How do you effectively hedge a locked-up position?
August, 2014 | Portfolio Management: Creative Investment Strategies
“The day the lock-up ended, the stock broke $30, we closed the trade and the loans and taxes were paid. More importantly, our clients took the opportunity to decide it was time to retire.” – Kevin Burns
The opportunity to make a difference in our clients’ lives is central to our mission and last fall we had one such occasion. While in Hollywood for a movie premiere, we sat down with wonderful clients of ours, a married couple with two young children. They had built a comfortable net worth, including a well-diversified portfolio and a beautiful home. Additionally, the husband had a long-term investment of about $500,000 in a private equity fund that was a significant shareholder of a major social media company that had gone public the very same week.
This new Wall Street darling immediately went to a valuation reminiscent of the heady internet bubble days of the late 1990s. Advisors with experience recognize this scenario as reminiscent of a recurring phenomenon where greed trumps common sense. Invariably, these situations don’t end well for the investor.
Our clients were simultaneously excited and nervous: Their $500,000 investment had turned into almost 600,000 shares of a $45 stock totaling $27 million dollars! But they were also nervous because the PE fund had a 180-day lock-up during which they couldn’t distribute or liquidate the shares. They were well aware of how the internet bubble had ended, so they anticipated a long six months. Given the absurd valuation the market had given this over-concentrated position, the couple watched with mixed emotions as their stock rose to $50 a share.
That’s when we went to work. After reviewing the PE agreement, we determined there were no prohibitions on limited partners’ ability to engage in hedging transactions. We looked at the public market, but shorting the stock was not possible; it was already over-borrowed, and Wall Street banks wanted over 70 percent interest to carry the position. Instead, we contacted several large banks to see if we could protect this position for the duration of the lock-up, using a zero cost collar, purchasing a put option to protect any downside while selling a call option to provide appreciation over a certain price to the buyer.
Two banks bid for the business, but the challenge became collateral as we could not use the PE fund position for this purpose. Meanwhile, the stock continued to rise to over $60 a share. The banks wanted 75 percent cash collateral to do the trade, requiring over $27 million in cash. This was an obvious deal breaker so we tweaked the collar by purchasing a call option and securing an offer of 25 percent cash collateral, about $9 million. Timing was of the essence as the position was now worth over $36 million, essentially tripling our clients’ net worth. So, we leveraged their current diversified portfolio, lending them $6 million at the current interest rate of 1 percent. Next, we obtained a mortgage on their house for an additional $3 million at a 2.5 percent interest rate. With the $9 million in place, we were able to secure the hedge. The first leg was executed on Christmas Eve, a mere ten minutes before the market closed. The stock ticked at $70 per share.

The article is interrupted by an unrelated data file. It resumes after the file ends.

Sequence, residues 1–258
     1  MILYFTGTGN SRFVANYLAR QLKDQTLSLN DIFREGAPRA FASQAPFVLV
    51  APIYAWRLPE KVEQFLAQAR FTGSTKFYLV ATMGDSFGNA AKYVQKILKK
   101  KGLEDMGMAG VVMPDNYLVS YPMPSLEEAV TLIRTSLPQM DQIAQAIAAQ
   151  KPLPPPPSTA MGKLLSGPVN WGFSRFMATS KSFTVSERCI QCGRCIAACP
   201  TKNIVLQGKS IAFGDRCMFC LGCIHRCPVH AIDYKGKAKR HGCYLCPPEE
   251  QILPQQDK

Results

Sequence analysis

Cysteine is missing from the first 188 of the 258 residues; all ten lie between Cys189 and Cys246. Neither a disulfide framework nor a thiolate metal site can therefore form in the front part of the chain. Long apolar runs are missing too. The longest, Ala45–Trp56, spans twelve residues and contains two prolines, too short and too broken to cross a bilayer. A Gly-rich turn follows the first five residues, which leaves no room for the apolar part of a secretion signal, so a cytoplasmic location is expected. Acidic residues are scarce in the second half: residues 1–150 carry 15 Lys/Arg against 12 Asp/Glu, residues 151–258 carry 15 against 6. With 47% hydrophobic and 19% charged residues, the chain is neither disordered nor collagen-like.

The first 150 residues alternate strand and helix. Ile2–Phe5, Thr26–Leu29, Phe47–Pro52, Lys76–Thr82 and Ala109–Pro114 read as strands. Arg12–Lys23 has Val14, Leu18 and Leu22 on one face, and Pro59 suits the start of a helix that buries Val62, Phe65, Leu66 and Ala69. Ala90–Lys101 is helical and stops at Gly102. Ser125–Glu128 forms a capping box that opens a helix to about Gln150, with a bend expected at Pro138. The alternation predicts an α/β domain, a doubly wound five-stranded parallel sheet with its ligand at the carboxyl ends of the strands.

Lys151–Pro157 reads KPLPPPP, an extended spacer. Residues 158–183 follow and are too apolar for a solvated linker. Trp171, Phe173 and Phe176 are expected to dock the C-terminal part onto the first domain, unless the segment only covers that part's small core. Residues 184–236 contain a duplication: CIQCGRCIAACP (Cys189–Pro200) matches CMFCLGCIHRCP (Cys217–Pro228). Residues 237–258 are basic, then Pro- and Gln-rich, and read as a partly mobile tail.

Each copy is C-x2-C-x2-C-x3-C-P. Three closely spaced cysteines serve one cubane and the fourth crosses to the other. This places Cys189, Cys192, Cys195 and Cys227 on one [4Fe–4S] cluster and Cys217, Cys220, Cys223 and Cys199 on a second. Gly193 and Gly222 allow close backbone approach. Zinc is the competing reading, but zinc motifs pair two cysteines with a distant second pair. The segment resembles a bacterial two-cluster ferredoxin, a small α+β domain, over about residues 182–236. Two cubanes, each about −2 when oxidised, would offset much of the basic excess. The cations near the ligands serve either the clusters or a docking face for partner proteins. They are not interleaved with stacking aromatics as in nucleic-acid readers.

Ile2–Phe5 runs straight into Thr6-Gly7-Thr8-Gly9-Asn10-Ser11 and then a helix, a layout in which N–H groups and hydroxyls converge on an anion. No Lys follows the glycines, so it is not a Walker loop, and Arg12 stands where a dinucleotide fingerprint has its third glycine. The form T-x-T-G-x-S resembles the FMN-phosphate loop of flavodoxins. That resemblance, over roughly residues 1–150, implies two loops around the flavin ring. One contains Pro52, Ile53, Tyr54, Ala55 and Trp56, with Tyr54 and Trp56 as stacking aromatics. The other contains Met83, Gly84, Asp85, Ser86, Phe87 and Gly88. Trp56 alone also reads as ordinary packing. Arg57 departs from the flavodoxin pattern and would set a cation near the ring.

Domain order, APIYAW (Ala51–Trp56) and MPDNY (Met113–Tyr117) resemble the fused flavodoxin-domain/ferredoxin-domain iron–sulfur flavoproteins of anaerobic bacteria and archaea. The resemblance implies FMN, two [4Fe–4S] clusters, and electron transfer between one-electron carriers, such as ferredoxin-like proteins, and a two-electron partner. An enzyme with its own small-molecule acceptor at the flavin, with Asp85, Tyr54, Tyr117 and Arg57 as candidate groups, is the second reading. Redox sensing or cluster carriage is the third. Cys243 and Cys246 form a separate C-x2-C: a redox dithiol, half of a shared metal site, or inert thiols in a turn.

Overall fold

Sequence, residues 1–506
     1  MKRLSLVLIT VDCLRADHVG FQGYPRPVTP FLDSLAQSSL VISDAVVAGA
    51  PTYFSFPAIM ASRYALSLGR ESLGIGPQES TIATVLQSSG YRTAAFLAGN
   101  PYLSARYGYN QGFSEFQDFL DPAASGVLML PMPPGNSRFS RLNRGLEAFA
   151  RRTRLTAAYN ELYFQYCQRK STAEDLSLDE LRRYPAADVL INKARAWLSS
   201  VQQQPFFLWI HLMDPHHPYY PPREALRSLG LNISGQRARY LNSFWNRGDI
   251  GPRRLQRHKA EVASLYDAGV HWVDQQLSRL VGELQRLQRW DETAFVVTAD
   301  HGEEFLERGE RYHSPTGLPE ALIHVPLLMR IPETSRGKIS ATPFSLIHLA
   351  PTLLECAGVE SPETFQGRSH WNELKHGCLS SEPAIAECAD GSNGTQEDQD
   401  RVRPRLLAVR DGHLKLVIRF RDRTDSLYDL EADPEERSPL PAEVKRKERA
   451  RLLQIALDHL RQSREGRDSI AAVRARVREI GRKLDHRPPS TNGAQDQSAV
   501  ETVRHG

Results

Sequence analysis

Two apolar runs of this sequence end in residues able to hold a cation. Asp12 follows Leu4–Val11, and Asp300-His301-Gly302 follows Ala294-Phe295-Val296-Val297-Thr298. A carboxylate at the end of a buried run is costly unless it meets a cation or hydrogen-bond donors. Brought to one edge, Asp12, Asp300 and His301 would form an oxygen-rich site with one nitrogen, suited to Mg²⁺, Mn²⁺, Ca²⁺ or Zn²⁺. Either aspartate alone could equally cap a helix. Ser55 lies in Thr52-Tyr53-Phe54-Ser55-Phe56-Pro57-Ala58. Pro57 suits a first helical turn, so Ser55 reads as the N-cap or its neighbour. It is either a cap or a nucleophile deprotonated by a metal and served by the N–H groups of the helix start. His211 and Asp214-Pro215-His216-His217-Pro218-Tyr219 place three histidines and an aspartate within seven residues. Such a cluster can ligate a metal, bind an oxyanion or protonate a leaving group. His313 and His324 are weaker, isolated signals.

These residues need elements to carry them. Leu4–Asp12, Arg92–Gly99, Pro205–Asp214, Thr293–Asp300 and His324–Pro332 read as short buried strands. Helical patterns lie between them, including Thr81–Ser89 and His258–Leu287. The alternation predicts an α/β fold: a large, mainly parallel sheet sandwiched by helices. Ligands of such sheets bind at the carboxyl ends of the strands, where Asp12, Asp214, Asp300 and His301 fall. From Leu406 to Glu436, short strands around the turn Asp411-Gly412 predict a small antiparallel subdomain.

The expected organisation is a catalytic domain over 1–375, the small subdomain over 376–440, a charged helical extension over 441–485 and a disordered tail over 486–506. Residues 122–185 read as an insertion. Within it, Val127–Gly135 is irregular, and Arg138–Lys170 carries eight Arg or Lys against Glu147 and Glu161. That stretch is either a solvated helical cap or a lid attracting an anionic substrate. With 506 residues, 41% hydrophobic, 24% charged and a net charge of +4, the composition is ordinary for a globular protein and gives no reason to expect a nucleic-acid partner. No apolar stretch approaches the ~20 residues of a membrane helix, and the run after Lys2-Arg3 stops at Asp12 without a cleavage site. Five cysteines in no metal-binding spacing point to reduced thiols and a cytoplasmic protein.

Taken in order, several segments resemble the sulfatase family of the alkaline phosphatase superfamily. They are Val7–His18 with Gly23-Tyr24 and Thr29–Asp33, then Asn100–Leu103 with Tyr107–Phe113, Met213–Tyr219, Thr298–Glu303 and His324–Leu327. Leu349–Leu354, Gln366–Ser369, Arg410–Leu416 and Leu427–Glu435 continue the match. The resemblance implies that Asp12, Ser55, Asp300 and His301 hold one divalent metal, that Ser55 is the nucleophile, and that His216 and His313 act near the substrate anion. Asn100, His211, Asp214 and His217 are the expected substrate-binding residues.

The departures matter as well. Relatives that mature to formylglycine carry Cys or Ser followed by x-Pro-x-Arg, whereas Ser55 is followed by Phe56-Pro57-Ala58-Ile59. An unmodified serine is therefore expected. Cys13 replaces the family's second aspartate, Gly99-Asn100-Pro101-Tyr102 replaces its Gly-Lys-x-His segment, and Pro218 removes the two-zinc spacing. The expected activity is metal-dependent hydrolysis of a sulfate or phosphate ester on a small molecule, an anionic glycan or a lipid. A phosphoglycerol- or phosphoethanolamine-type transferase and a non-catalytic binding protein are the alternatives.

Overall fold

Suffice it to say, the holidays were especially joyous for this family even as the social media darling reported a lack of earnings; the stock had collapsed. The day the lock-up ended, the stock broke $30, we closed the trade and the loans and taxes were paid. More importantly, our clients took the opportunity to decide it was time to retire and plan a relaxing summer, as their portfolio was now established in a diversified income-producing allocation with moderate risk. We were thrilled to hear how our creative solution “changed their lives.”
Important Disclosure: The information contained herein should not be construed as personalized investment advice, and should not be considered as a s olicitation to buy or sell any security or engage in a particular investment strategy. Past performance is no guarantee of future results, and there is no guarantee that the views and opinions expressed in this newsletter will come to pass. Investing in the stock market involves gains and losses and may not be suitable for all investors. While the above represents the firm’s approach to unique client-specific circumstances, nothing stated should be understood as a direct or indirect past specific recommendation.
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